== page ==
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By Alison Bledsoe, Early Childhood Education

Why Consider Place-Based Learning?

If I stayed in a classroom…I would be thinking of the place (Lower Lonsdale), based on my own transitory experience only. I would not have noticed the eerily quiet neighbourhood streets where you are surrounded by sounds of construction and vehicles passing by. I also would not have noticed the signage in gardens and wonder why pets and children are not allowed to play in these areas. It was only by ‘walking the streets’ that I noticed details and began to ask questions that I otherwise would have missed. In some ways, I think this approach is similar to an exchange student traveling to another country. You learn about culture in books, but you get a different and much more enriching experience if you actually live in the place. (Student, personal communications, Oct 2, 2019)

How do I offer meaningful learning with and for students? One way is to consider a place-based approach to achieving learning outcomes. Inviting students to consider their learning in relation to the ‘places’ they live, work, play, pray, connect, conduct business, and/or travel through. Inviting students to take their reflections and ideas INTO these places – in respectful and ethical ways – and see what they notice.


In the 2018-19 academic year, I introduced an assignment to my EDUC 281 Family, School & Community students that invited them to consider ‘place’ through many perspectives and in service to a greater ‘place-based’ social change strategy. We started by meeting with representatives of United Way of the Lower Mainland (UWLM), to learn about their emerging work with residents of the Lower Lonsdale neighbourhood.

Through collaborating and sharing our perspectives with an external organization, we could experience the meaning of ‘teacher as researcher’. It was important that we could actually contribute to their projects, sharing various perspectives as the third viewers, as a student, as a resident, as a neighbour, and as a visitor. (Student, personal communications, Oct 4, 2019)

Working with the external organisation […] was very helpful, because I learned where they were coming from and heard their goals. When you are given a different lens to see things, you gain a deeper understanding because you actually live the experience rather than just reading about it. When you hear someone else’s perspectives and goals, you also begin to examine your own goals and views…and realise how important it is to speak up in your community because we have the responsibility to advocate for things that matter to us. (Student, personal communications, Oct 1, 2019)

In the course, I supported students to (a) explore data sources related to the neighbourhood, (b) situate their thinking within Bronfenbrenner’s Ecological Systems Theory, and (c) work to see the intersections between data, theory, and ‘real life’. Students worked in teams to observe, document, and reflect on the physical components of ‘place’ and their potential impact on children, families, and society (if I had been able to get ethics approval, we would have explored relational components too!). At the end of the semester, the students and I collated their experiences, findings, and recommendations – and then we presented this to United Way of the Lower Mainland.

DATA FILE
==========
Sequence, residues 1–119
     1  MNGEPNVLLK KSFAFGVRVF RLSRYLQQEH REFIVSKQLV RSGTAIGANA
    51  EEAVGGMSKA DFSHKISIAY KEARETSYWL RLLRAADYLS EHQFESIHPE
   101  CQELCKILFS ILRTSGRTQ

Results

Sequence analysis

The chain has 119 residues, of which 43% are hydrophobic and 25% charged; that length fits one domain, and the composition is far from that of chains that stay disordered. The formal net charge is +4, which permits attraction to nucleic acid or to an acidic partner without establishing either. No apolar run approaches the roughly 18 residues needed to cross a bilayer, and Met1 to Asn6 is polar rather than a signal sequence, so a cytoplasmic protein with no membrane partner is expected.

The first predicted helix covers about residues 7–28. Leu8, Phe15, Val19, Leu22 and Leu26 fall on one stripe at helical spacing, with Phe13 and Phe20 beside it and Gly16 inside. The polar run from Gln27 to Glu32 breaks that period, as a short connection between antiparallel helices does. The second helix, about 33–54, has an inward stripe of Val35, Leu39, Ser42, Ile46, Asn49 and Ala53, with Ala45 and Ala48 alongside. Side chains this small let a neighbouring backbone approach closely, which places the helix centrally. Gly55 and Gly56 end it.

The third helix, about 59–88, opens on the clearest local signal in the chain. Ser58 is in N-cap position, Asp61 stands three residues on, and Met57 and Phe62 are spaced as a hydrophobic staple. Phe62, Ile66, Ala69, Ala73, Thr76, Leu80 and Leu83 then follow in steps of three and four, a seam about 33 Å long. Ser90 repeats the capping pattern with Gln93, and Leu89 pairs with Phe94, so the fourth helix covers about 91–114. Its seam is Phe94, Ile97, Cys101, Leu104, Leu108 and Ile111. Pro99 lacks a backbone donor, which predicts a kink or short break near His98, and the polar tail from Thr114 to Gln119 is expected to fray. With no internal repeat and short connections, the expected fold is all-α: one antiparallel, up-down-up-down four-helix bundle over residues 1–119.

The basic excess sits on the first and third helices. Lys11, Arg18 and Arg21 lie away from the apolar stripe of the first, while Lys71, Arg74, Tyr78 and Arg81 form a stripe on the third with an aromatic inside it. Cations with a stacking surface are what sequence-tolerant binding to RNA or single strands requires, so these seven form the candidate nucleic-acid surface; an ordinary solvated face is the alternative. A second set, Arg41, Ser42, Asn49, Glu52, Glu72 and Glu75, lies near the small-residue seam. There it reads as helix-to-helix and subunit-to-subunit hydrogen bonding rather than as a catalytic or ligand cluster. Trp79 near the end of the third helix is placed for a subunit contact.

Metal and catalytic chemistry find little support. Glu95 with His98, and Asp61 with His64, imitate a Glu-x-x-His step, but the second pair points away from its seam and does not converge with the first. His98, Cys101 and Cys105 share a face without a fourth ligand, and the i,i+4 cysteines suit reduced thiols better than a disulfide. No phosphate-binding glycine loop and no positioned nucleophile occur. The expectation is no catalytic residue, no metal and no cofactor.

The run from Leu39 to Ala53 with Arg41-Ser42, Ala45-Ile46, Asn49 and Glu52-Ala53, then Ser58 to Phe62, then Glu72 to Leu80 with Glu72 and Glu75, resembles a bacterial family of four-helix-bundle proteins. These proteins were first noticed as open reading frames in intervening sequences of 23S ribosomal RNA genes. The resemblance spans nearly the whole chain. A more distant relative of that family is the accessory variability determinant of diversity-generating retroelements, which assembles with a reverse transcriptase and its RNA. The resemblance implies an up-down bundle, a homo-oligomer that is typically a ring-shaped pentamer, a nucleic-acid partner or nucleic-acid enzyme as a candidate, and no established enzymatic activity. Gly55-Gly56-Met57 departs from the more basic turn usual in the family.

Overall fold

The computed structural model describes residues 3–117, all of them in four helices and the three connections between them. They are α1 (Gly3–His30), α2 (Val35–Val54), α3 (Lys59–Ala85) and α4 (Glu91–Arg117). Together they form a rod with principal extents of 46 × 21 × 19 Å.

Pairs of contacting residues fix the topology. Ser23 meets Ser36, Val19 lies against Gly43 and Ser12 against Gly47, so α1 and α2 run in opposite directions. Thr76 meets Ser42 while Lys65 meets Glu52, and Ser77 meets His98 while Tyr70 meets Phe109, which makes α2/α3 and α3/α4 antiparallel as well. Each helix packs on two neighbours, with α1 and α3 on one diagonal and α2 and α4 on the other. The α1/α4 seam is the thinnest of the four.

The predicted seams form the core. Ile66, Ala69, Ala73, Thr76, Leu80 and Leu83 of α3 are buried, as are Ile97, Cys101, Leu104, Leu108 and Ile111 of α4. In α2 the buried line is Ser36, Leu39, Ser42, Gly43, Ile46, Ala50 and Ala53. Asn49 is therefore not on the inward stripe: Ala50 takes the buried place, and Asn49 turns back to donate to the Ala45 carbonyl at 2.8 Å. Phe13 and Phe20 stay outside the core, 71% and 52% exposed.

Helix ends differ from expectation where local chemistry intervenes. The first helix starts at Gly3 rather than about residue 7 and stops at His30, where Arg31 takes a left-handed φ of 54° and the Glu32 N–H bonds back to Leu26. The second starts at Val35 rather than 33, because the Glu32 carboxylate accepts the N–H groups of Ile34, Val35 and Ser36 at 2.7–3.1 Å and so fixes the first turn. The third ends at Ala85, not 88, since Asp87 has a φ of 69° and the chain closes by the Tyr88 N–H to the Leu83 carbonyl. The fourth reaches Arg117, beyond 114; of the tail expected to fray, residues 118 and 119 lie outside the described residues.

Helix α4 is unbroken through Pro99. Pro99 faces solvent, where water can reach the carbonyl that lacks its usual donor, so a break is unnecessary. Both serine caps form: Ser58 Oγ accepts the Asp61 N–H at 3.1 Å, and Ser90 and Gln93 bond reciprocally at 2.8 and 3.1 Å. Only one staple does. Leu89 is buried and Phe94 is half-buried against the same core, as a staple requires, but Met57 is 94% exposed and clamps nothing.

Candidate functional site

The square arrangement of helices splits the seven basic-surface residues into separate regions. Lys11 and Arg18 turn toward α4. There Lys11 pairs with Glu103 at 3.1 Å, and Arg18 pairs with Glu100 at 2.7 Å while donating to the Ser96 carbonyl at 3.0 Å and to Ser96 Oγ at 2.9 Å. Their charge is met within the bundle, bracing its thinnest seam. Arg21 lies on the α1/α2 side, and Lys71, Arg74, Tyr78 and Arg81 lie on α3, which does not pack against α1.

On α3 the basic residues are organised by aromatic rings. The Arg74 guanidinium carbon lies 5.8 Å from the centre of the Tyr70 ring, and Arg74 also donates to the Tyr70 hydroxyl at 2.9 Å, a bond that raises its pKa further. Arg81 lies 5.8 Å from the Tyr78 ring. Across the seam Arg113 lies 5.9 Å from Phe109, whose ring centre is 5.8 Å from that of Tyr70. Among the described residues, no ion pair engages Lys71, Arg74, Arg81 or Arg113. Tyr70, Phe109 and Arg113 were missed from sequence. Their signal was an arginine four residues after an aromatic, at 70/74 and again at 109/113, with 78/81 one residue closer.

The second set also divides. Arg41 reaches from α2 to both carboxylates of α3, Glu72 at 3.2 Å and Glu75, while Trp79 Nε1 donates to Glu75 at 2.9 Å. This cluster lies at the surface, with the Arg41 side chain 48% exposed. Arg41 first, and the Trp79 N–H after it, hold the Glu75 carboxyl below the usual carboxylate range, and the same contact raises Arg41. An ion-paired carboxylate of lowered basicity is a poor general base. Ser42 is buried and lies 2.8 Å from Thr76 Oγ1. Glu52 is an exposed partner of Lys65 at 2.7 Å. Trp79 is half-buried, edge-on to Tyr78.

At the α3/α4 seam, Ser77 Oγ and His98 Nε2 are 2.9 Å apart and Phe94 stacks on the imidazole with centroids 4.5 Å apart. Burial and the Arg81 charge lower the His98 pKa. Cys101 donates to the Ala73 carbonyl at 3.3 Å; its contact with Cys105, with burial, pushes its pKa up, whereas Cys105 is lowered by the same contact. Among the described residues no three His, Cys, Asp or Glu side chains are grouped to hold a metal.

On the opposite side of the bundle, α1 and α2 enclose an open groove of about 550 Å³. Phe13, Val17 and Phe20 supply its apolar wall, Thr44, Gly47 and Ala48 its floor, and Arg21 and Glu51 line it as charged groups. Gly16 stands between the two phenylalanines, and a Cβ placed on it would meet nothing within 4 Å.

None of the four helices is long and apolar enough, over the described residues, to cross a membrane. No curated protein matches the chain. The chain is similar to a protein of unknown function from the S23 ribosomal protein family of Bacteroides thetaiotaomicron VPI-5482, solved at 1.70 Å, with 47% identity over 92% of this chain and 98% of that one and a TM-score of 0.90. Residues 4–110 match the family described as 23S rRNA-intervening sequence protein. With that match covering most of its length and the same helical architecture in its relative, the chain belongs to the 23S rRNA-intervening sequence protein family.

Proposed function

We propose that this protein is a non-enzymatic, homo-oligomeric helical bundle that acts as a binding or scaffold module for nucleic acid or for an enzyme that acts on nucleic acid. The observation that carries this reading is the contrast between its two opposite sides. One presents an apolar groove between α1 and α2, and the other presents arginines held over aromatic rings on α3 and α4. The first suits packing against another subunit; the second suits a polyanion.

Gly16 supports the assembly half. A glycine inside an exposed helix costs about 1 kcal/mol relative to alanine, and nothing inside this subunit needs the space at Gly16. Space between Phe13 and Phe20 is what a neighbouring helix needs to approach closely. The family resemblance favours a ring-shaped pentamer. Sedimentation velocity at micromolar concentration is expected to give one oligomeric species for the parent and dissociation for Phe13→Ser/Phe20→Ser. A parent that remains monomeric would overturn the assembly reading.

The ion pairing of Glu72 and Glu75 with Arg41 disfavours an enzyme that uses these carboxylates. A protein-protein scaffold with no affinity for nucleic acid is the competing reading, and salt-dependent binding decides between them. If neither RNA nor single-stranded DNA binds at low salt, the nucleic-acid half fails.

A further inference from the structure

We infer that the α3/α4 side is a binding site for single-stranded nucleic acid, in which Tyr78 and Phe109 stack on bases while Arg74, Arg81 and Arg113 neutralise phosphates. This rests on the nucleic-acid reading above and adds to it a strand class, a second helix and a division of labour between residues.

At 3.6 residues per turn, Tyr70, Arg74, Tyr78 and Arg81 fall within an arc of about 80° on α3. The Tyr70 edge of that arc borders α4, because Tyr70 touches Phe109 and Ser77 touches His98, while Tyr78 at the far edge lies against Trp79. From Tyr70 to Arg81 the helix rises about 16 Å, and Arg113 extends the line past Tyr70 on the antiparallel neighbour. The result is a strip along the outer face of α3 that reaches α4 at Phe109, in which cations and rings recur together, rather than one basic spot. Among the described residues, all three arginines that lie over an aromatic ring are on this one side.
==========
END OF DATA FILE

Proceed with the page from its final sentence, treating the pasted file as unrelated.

Feedback from students, at the end of semester, indicated that this assignment held particular meaning for them – that the learning came alive through hands-on experience in the neighbourhood AND that their learning and work would contribute to active social change efforts. Kim Winchell, Director of Social Impact, United Way of the Lower Mainland later reflected on the potential of partnering with post-secondary students and on how meaningful and reciprocal the experience had been for them as a community organization:

 It was meaningful to have the students become the observers….their perspectives opened our eyes to some of our own assumptions, as experienced Community Developers. Assumptions we had been blind to. Their creative and innovative thinking was refreshing, compelling, and left us with tangible next steps.

Something that surprised me was how reciprocal the experience was – it wasn’t just United Way offering CAPU students a learning opportunity, it was these students offering opportunity to us too. It was powerful and it has opened us to finding additional ways of partnering our place-based social change initiatives with post-secondary students. The potential is endless. (Kim Winchell, personal communication, Oct 11, 2019)

As a faculty member, the learning for me continues to be steep and rich, leading to more questions than answers as I continue to grow my own thinking on offering meaningful learning with and for students. How can I become more intentional about place-based approaches and connect this to my commitment to Reconciliation? How can I explicitly link this work with the First People’s Principles of Learning? How do I come to honour the Indigenous places we all live and work in – and ethically embed this into place-based inquiry and learning? In subsequent semesters, I have been fortunate to teach other EDUC courses in both Sechelt and Squamish. Physically taking an entire course into ‘place’ is a whole other level of learning ‘in-place’ – one that I am intrigued and challenged by!